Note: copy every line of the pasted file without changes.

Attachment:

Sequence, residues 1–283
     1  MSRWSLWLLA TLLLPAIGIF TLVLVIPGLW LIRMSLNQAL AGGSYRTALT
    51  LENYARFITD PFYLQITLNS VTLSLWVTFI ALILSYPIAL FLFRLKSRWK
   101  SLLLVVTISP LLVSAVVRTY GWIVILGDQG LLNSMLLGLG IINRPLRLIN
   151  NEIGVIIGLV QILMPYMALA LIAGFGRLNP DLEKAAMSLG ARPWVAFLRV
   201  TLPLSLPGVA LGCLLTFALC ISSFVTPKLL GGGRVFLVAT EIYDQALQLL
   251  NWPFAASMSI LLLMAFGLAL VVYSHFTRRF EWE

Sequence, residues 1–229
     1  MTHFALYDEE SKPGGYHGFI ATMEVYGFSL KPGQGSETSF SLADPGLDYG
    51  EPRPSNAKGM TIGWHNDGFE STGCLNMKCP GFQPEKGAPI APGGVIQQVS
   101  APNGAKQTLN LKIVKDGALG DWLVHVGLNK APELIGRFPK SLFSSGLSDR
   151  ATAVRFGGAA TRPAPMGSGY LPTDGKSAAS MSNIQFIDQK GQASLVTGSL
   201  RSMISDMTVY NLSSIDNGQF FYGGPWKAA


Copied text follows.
Sequence, residues 1–283
     1  MSRWSLWLLA TLLLPAIGIF TLVLVIPGLW LIRMSLNQAL AGGSYRTALT
    51  LENYARFITD PFYLQITLNS VTLSLWVTFI ALILSYPIAL FLFRLKSRWK
   101  SLLLVVTISP LLVSAVVRTY GWIVILGDQG LLNSMLLGLG IINRPLRLIN
   151  NEIGVIIGLV QILMPYMALA LIAGFGRLNP DLEKAAMSLG ARPWVAFLRV
   201  TLPLSLPGVA LGCLLTFALC ISSFVTPKLL GGGRVFLVAT EIYDQALQLL
   251  NWPFAASMSI LLLMAFGLAL VVYSHFTRRF EWE

Sequence, residues 1–229
     1  MTHFALYDEE SKPGGYHGFI ATMEVYGFSL KPGQGSETSF SLADPGLDYG
    51  EPRPSNAKGM TIGWHNDGFE STGCLNMKCP GFQPEKGAPI APGGVIQQVS
   101  APNGAKQTLN LKIVKDGALG DWLVHVGLNK APELIGRFPK SLFSSGLSDR
   151  ATAVRFGGAA TRPAPMGSGY LPTDGKSAAS MSNIQFIDQK GQASLVTGSL
   201  RSMISDMTVY NLSSIDNGQF FYGGPWKAA